ESPN’s Alexis Nunes remains true to her Jamaican roots
Don’t play with Alexis Nunes when it comes to sports – she knows her stuff. As ESPN’s lead Europe-based soccer and cricket reporter, the Jamaican is living out her dreams and constantly crushing goals.
Born at Nuttall Hospital in St Andrew, the eloquent Nunes epitomises the Jamaican national motto ‘Out of Many, One People’. Her father was Jamaican and her mother is from El Salvador, making her a proud ‘Jamaican-Latina’.
As Nunes tells it, her parents met at The University of the West Indies (UWI). Of her mother leaving El Salvador to start a life on The Rock, she says with a laugh, “Love is love, and she fell in love. Left her country and moved to Jamaica and never looked back.”
She accredits her adoration for sports to her father who she says controlled the television in the house when she was growing up. “He always had on cricket and was watching the West Indies. He loved to watch golf and tennis as well.” She rolls her eyes as if to indicate “you might have figured” and, with an assertive motion, adds, “and clearly football”.
The Hillel Academy and Campion College alumna always had a love for animals and thought she would become a veterinarian. However, she quickly learned that she was not good with blood and other things that would come with taking care of animals, so opted to pursue a degree in broadcast journalism at UWI’s Caribbean School of Media and Communication.
After hearing that the then Oliver McIntosh-led Sports Max was hosting an audition, she decided to throw her hat into the ring. Being the only auditionee with the ability to pronounce ‘NORCECA’ (volleyball confederation) correctly, she got the gig and worked for the company for almost four years.
Remembering her time at Sports Max fondly, she says, “I learnt a lot.” A major highlight was having the opportunity to work with veteran, Simon Crosskill, who she affectionately calls “Mr Cantankerous” then she adds, “Simon is honestly one of my top three favourite persons in the world, after my mother and my father. I would not be the woman I am today without Simon Crosskill. He was always just a pioneer for me.”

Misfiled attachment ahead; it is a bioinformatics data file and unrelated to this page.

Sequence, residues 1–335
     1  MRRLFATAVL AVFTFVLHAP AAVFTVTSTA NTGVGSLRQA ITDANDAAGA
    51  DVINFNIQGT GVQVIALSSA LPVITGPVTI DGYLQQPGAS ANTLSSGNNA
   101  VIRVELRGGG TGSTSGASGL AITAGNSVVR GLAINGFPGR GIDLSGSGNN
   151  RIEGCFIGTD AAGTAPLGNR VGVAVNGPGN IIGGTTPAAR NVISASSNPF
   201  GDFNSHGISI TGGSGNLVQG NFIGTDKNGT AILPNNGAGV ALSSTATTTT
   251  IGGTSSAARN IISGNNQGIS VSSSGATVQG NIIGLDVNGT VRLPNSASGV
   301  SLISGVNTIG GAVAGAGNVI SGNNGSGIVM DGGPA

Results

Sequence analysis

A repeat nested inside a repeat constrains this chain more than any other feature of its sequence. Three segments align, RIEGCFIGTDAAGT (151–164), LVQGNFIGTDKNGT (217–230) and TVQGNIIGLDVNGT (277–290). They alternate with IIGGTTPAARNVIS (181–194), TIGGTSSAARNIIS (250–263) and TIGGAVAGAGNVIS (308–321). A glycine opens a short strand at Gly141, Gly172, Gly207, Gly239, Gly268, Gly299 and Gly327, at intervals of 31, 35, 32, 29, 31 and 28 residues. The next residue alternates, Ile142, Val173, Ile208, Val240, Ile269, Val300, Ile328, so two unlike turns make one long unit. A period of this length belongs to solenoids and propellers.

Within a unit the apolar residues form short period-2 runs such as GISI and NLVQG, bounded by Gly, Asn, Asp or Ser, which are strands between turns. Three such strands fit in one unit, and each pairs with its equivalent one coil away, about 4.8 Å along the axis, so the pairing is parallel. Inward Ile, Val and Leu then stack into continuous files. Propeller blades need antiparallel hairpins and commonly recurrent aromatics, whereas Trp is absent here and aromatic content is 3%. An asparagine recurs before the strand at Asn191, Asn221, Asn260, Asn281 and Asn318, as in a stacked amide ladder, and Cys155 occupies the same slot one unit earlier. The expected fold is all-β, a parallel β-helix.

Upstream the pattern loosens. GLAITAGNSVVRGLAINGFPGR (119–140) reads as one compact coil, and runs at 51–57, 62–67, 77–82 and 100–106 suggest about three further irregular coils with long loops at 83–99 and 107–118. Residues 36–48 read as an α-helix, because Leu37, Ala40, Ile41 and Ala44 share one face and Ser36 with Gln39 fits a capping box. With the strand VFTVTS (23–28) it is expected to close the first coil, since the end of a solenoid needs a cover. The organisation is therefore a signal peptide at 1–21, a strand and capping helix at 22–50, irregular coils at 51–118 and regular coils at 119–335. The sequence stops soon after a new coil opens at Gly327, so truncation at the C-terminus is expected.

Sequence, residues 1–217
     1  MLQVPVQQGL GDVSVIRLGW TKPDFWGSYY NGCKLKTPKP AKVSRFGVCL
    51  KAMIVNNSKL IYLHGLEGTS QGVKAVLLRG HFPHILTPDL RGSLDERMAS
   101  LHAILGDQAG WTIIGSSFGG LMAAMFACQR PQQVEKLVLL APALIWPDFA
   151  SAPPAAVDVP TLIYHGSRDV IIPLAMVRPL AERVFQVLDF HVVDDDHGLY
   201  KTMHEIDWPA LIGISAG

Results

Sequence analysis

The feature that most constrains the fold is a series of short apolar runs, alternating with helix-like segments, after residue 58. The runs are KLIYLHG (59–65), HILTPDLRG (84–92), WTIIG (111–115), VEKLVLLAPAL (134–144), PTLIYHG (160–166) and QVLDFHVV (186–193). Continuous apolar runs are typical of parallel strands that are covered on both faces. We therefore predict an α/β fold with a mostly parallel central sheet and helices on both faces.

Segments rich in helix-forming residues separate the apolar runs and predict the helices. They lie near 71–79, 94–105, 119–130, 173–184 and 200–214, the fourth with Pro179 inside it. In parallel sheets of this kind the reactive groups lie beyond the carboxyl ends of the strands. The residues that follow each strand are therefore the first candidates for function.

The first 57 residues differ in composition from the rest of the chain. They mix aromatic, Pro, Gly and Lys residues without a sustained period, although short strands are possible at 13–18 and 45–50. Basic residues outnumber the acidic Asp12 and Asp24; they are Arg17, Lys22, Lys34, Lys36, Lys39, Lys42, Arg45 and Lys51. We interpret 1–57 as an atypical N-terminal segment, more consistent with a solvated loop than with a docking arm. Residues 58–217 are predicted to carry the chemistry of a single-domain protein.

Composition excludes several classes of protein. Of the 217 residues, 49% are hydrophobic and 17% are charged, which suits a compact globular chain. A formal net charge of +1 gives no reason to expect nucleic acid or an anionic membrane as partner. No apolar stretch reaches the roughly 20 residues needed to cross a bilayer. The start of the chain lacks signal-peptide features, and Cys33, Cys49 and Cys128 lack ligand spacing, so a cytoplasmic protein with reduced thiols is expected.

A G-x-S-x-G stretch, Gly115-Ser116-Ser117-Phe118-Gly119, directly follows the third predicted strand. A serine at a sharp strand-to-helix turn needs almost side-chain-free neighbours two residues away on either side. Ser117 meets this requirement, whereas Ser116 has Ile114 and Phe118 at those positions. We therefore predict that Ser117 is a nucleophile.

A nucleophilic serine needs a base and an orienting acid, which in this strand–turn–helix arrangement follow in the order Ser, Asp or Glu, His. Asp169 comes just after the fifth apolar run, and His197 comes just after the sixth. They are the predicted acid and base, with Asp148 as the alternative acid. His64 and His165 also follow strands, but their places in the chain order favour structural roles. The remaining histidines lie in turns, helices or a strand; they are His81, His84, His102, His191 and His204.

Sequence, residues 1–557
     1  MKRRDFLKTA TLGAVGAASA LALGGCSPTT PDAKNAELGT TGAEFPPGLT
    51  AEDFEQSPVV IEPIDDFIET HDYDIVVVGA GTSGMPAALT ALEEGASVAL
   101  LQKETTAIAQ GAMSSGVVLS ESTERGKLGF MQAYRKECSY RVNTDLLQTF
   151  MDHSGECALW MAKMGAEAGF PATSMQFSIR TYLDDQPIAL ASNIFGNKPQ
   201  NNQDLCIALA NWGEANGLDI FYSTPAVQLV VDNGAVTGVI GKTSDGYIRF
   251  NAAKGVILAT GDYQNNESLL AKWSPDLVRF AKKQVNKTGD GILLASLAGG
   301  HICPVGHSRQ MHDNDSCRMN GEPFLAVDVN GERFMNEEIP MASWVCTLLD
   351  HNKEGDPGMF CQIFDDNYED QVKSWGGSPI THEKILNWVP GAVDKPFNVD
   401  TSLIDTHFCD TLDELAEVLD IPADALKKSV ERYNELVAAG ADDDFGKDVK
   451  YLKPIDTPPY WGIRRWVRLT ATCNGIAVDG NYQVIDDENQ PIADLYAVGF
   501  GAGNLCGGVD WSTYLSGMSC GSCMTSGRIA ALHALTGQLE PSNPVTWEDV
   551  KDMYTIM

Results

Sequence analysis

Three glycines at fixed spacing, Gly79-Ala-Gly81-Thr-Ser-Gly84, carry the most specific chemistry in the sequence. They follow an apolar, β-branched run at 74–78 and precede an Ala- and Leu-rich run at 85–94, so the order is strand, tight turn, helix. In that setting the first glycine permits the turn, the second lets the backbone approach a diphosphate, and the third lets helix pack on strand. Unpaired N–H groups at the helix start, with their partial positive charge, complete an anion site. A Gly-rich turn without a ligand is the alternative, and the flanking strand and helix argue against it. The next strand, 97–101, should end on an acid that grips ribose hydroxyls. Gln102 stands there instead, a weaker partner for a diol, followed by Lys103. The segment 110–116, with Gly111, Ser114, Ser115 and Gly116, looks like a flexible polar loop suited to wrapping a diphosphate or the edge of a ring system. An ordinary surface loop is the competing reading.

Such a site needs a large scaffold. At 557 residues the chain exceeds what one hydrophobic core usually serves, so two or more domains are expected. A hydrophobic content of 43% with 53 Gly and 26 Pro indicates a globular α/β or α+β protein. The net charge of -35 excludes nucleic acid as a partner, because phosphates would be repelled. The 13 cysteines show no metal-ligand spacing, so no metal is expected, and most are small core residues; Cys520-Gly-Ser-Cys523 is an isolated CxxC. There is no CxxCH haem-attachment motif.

A chance meeting with former footballer Robbie Earle was the spark to her next move. Earle, who was working with ESPN at the time, was on a trip to Jamaica. Noticing Nunes’ talent he asked if she was interested in leaving Jamaica’s shores for greener pastures. She was open to the idea and he put in a good word. ESPN liked what they heard and saw and flew her to their location in Bristol, Connecticut for an audition, and the rest, as they say, is history. Nunes landed a job with ESPN in October 2015.
Among her many responsibilities, she co-hosts ESPN FC, ESPN’s soccer news and information programme, which streams throughout the Caribbean.
What has been most refreshing is, there is no change in her Jamaican accent. “I couldn’t even twang if I tried,” she says in a matter of fact manner.
Nunes has also covered major events for the network in the Caribbean, including the 2016 Rio Summer Olympics; the 2019 Pan American Games; multiple Cricket World Cups; the 2019 FA Cup Final; and the ICC Women’s T20 Cricket World Cup.
Most recently, she signed a multi-year contract extension where her role will be expanded on ESPN’s LaLiga coverage. Among her new duties, she will travel throughout Spain as the English and Spanish language pitch side reporter.
How does it feel to be living out her dreams? “It’s still a very ‘pinch me’ moment,” she says via Zoom from her London apartment.
Our conversation turns to what it’s like being a woman in a male-dominated industry like sports. She notes she feels lucky to have never been made to feel less than “by those that matter” in the field, simply because she is a woman.
Nunes doesn’t require special treatment because she is female. “It’s never about that. We [women] just want to be able to eat at the same table and have the respect that we deserve to be there.”
Social media and micro-aggressions that can be considered sexist are beasts that she sometimes has to contend with. Yet, while she doesn’t cover horse racing, like a thoroughbred on the track, she wears blinders, doesn’t let anything get to her, and is focused on her goals.
Her style and body positivity is an inspiration to many, because, after all, representation matters. She’s known to rock Clarks and Jordans on the job and is also honest in revealing that her weight has fluctuated throughout the years. When she first landed the job at ESPN, she had planned on going on a strict diet and getting blonde streaks but decided against making drastic changes to fit in, remembering Jamaicans’ love for curves, and she shouldn’t alter herself to simply please others. “You do your best to not try and let the world change you and just remember where you are from, which is something that I always do.”
While her schedule is rigorous and she is currently based in London, she tries to make it home as much as she can. Most recently, she was in town during the celebration of Jamaica 60 where she said she tried to get a reset and “squeeze in my Jade Garden”.
Asked about her hopes and dreams for Jamaica even though she is now away, Nunes pauses, looks to her side, and answers with the question: “Where do I begin?” It then comes to her, “In a selfish kind of way, I would like to see more women do what I do.” We don’t think that’s selfish at all and hope to see it too.